# Proving theorems and special cases (Part 3): Skewes’ number

In a recent class with my future secondary math teachers, we had a fascinating discussion concerning how a teacher should respond to the following question from a student:

Is it ever possible to prove a statement or theorem by proving a special case of the statement or theorem?

Usually, the answer is no… even checking many special cases of a conjecture does not mean that the conjecture is correct.

In the first two posts of this series, we showed conjectures could be true for the first 40 cases or even the first 900 million odd cases but fail on the next case.  In today’s post, I’ll describe a conjecture that, for hundreds of years, was thought to be true for all integers $n$ and has since been shown to be true for all $n \le 10^{316}$. However, despite being true for so many special cases, the conjecture is false.

Let’s absorb the above paragraph again. The conjecture “$n^2 - n + 41$ is always prime” was true for the first 40 cases before failing. By contrast, the conjecture I’m about the describe is true for the first (approximately) 10,000,000,000,000,000,000,000,000,000,000,000,000,000,000,000,000,000,000,000,000,000,000,000,000,000,000,000,000,000,000,000,000,000,000,000,000,000,000,000,000,000,000,000,000,000,
000,000,000,000,000,000,000,000,000,000,000,000,000,000,000,000,000,000,000,000,000,000,000,000,000,000,000,000,000,000,000,000,000,000,000,000,000,000,000,000,000,000,000,000,000,000,000,000,000,000,000,
000,000,000,000,000,000,000,000,000 cases before failing.

The conjecture in question concerns the number of prime numbers $\pi(n)$ that are less than or equal to $n$. For example:

There are four prime numbers less than 10 (namely 2, 3, 5, 7), and so $\pi(10) = 4$.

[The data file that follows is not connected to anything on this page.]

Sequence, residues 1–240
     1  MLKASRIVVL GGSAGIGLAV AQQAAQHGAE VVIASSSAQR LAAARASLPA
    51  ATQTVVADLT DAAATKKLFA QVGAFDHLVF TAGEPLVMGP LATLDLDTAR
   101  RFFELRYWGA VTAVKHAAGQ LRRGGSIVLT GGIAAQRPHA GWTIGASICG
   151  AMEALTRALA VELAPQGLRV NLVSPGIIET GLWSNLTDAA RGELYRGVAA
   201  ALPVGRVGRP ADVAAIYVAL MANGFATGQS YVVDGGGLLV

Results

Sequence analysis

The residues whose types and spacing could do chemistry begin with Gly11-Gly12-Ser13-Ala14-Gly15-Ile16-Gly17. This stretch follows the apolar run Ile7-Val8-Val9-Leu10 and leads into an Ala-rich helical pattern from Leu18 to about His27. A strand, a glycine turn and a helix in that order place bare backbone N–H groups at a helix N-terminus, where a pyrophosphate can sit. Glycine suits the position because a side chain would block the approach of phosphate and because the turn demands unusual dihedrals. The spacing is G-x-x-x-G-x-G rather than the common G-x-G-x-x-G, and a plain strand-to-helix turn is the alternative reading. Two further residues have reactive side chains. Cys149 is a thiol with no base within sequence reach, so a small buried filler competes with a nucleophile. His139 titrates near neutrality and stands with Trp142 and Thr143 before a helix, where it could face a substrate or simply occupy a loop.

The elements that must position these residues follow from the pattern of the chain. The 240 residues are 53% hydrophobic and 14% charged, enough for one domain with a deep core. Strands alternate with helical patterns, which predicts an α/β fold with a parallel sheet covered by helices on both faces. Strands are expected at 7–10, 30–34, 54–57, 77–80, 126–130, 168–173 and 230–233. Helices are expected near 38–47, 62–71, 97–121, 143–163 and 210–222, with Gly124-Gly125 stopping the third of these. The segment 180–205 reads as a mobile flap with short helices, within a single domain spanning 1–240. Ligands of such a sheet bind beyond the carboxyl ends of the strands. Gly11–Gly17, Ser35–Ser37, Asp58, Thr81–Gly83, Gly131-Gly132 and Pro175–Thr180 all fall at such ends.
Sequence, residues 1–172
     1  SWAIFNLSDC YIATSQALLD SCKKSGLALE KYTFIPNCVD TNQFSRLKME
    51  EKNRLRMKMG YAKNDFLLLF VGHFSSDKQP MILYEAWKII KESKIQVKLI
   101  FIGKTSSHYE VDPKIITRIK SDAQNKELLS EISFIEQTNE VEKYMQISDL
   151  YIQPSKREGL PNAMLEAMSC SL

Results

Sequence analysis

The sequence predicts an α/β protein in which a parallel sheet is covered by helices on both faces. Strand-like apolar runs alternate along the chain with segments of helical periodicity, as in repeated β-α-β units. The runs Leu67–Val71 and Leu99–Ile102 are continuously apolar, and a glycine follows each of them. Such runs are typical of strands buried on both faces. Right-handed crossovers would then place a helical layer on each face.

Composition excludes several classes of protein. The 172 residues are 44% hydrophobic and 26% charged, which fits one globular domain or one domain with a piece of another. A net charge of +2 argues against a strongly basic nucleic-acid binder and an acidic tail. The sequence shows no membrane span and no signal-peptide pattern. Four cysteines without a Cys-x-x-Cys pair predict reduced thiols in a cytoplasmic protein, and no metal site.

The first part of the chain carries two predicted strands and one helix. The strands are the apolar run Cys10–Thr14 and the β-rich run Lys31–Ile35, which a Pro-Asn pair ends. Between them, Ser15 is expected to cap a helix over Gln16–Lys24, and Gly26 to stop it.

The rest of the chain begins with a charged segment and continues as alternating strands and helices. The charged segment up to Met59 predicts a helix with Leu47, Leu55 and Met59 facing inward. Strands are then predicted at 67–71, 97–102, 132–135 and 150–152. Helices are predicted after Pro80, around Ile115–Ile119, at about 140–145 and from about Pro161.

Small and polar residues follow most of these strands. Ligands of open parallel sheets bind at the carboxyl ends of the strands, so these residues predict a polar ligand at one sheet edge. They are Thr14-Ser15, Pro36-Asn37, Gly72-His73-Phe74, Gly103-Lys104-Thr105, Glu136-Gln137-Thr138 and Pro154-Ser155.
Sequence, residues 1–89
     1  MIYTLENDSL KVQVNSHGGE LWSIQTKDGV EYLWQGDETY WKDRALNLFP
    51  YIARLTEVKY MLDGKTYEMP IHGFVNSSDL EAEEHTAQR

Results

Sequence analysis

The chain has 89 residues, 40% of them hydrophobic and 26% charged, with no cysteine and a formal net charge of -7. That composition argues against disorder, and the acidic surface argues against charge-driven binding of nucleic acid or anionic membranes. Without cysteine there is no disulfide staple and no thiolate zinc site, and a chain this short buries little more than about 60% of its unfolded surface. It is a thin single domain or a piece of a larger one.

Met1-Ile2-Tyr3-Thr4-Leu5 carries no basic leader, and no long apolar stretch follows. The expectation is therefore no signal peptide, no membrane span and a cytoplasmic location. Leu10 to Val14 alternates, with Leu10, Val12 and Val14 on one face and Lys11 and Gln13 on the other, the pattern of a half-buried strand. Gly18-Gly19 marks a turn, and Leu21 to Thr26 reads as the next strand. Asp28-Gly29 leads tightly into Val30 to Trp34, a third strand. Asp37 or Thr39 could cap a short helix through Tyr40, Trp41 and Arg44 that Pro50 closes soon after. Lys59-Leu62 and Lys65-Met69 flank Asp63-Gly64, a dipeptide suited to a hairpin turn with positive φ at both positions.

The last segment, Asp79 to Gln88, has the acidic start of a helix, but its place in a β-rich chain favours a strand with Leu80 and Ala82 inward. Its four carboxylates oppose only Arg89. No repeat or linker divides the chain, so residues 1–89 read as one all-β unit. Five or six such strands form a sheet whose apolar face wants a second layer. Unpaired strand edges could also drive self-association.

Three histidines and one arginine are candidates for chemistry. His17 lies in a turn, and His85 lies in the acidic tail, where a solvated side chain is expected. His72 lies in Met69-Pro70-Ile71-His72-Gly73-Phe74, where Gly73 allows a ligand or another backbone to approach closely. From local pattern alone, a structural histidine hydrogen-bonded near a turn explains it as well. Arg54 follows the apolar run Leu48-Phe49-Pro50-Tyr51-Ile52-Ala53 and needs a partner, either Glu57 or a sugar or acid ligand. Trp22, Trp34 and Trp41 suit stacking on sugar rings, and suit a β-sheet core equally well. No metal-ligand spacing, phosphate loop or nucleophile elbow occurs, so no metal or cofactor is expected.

There are eight prime numbers less than 10 (namely 2, 3, 5, 7, 11, 13, 17, 19), and so $\pi(20) = 8$.

One of the classic problems in mathematics, often called the Prime Number Theorem, is estimating the value of $\pi(n)$ when $n$ is large. It turns out that one way of approximating $\pi(n)$ is through the logarithmic integral

$\hbox{Li}(n) = \displaystyle \int_2^n \frac{dx}{\ln x}$

Indeed, the Prime Number Theorem states that

$\pi(n) \sim \hbox{Li}(n)$,

or

$\displaystyle \lim_{n \to \infty} \frac{\pi(n)}{\hbox{Li}(n)} = 1$.

This asymptotic relationship was proven by the eminent mathematician Karl Friedrich Gauss.

With that as prelude, here’s the false conjecture. For decades, luminaries of mathematics, including Gauss and Bernhard Riemann, conjectured that

$\pi(n) < \hbox{Li}(n)$ for all integers $n$

based on the available numerical evidence at the time. However, this conjecture was proven false in the 20th century by the British mathematician John Littlewood. No only did Littlewood show that there is a value of $n$ so that $\pi(n) > \hbox{Li}(n)$, but he also showed that the graphs of $\pi(n)$ and $\hbox{Li}(n)$ cross over each other infinitely many times!

Littlewood proved his theorem over 100 years ago in 1914. Today, even with modern computing power, we still do not precisely know the first value of $n$ for which $\pi(n) > \hbox{Li}(n)$. This number is called Skewes’ number, in honor of the mathematician who first found (in 1955) an upper bound on this first crossing point. The bound that he found was absolutely enormous: he showed that $\pi(n) > \hbox{Li}(n)$ for some $n$ less than

$\displaystyle 10^{\displaystyle 10^{10^{34}}}$

More recent work has established that the first crossover likely occurs in the vicinity of $n \approx 1.397 \times 10^{316}$.

Whoever first evaluates Skewes’ number exactly will surely have a nice feather in his/her cap for completing a task that mystified both Gauss and Riemann.

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